Do non-philosophers think epistemic consequentialism is counterintuitive?

Andow, James (2017) Do non-philosophers think epistemic consequentialism is counterintuitive? Synthese, 194 (7). pp. 2631-2643. ISSN 0039-7857

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Abstract

Direct epistemic consequentialism is the idea that X is epistemically permissible iff X maximizes epistemic value. It has received lots of attention in recent years and is widely accepted by philosophers to have counterintuitive implications. There are various reasons one might suspect that the relevant intuitions will not be widely shared among non-philosophers. This paper presents an initial empirical study of ordinary intuitions. The results of two experiments demonstrate that the counterintuitiveness of epistemic consequentialism is more than a philosophers’ worry—the folk seem to agree!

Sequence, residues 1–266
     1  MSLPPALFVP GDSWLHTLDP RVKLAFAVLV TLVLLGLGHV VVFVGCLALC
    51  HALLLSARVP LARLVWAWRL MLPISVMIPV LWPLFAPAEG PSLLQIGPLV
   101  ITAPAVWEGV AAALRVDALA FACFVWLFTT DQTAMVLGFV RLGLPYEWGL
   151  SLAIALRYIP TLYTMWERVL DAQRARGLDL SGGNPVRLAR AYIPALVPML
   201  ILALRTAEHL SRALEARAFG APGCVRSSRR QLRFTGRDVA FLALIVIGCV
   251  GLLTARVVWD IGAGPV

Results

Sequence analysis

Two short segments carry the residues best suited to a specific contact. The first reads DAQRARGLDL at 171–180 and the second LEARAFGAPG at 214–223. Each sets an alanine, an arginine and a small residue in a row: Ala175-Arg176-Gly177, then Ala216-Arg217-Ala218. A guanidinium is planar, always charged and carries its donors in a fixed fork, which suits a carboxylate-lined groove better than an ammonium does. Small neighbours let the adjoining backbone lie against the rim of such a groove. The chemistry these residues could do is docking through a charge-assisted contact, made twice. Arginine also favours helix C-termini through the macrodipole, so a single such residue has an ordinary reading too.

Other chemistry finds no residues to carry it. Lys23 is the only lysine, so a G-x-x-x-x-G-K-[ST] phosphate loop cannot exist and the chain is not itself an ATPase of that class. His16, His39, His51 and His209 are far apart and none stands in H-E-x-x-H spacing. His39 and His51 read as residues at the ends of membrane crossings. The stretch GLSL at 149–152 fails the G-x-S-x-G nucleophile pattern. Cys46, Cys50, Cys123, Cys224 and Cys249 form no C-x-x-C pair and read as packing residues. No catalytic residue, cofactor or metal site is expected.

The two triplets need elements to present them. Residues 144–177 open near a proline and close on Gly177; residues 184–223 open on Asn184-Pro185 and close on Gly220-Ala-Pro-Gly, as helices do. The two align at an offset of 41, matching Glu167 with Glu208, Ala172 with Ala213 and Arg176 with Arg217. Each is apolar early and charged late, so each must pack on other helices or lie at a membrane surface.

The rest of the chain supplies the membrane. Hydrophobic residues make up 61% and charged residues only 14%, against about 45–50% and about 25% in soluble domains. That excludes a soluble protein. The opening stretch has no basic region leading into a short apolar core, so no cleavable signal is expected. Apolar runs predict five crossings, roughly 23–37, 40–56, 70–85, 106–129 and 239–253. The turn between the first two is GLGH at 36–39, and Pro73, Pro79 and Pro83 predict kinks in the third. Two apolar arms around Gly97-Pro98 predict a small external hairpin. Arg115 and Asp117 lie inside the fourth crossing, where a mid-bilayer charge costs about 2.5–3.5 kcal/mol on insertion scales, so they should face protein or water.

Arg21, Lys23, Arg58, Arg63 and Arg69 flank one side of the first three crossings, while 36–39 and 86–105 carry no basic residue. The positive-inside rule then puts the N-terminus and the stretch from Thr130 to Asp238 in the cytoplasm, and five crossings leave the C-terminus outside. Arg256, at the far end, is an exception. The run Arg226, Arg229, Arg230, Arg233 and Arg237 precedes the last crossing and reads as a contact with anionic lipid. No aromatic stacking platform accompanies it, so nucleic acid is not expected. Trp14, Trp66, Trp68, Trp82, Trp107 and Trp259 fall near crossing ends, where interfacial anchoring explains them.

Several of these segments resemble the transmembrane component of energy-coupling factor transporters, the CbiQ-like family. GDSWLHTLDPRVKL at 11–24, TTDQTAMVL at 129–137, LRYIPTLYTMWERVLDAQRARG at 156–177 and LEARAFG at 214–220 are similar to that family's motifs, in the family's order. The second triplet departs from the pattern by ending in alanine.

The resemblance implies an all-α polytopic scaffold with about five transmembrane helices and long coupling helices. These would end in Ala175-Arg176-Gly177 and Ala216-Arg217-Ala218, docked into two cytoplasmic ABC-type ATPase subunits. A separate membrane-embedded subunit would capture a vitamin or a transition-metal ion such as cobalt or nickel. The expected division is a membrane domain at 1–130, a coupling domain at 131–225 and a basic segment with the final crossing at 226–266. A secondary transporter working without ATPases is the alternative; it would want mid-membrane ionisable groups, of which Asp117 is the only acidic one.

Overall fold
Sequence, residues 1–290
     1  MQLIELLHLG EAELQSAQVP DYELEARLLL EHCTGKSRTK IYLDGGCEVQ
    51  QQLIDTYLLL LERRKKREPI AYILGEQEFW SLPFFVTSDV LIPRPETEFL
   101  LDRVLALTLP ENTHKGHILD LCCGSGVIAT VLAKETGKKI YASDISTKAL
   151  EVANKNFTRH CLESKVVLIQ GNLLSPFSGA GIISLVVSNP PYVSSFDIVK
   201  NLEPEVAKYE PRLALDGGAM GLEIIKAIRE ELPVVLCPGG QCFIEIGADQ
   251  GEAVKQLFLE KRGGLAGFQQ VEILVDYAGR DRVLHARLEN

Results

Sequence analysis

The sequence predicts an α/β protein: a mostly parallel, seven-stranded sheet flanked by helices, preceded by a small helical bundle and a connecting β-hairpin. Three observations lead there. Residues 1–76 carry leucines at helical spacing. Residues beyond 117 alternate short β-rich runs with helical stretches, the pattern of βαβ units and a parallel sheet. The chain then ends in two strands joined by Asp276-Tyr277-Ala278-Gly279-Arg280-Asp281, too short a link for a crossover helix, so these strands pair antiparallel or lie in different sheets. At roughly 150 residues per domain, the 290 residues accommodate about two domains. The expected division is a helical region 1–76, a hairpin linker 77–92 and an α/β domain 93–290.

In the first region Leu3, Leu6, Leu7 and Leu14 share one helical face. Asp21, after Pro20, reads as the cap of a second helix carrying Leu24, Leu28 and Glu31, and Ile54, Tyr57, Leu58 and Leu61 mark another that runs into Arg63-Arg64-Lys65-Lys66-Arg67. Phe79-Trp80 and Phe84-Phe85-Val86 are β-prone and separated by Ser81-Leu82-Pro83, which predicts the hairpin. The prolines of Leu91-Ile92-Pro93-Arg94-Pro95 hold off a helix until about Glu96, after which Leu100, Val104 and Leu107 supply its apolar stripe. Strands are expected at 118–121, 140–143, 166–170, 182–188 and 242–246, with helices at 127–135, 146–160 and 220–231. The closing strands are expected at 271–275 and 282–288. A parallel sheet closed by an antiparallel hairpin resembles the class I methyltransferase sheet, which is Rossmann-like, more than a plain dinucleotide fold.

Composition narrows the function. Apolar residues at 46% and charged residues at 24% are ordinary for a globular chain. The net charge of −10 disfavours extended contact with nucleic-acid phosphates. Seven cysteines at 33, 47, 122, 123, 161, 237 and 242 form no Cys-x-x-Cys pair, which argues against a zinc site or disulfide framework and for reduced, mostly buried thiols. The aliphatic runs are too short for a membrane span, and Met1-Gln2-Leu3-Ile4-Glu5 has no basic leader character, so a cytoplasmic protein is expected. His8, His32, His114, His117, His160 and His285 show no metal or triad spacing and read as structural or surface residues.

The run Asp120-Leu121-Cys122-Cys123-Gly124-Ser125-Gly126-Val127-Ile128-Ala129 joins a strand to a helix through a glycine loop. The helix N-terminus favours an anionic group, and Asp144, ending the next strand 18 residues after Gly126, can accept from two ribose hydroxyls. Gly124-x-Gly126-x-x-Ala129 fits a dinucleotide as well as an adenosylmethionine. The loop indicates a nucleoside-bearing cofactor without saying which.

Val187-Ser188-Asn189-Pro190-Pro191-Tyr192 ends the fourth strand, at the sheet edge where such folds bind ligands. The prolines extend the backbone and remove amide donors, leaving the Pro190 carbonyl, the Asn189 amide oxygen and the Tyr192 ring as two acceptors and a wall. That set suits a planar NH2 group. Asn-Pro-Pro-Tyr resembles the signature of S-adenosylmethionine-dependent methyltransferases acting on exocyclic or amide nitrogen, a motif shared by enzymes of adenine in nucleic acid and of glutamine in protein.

Item Type: Article
Faculty \ School: Faculty of Arts and Humanities > School of Politics, Philosophy, Language and Communication Studies
University of East Anglia > Faculty of Arts and Humanities > Research Groups > Philosophy
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Depositing User: Pure Connector
Date Deposited: 23 Jan 2018 15:30
Last Modified: 18 Mar 2020 00:48
URI: https://ueaeprints.uea.ac.uk/id/eprint/66051
DOI: 10.1007/s11229-016-1071-7

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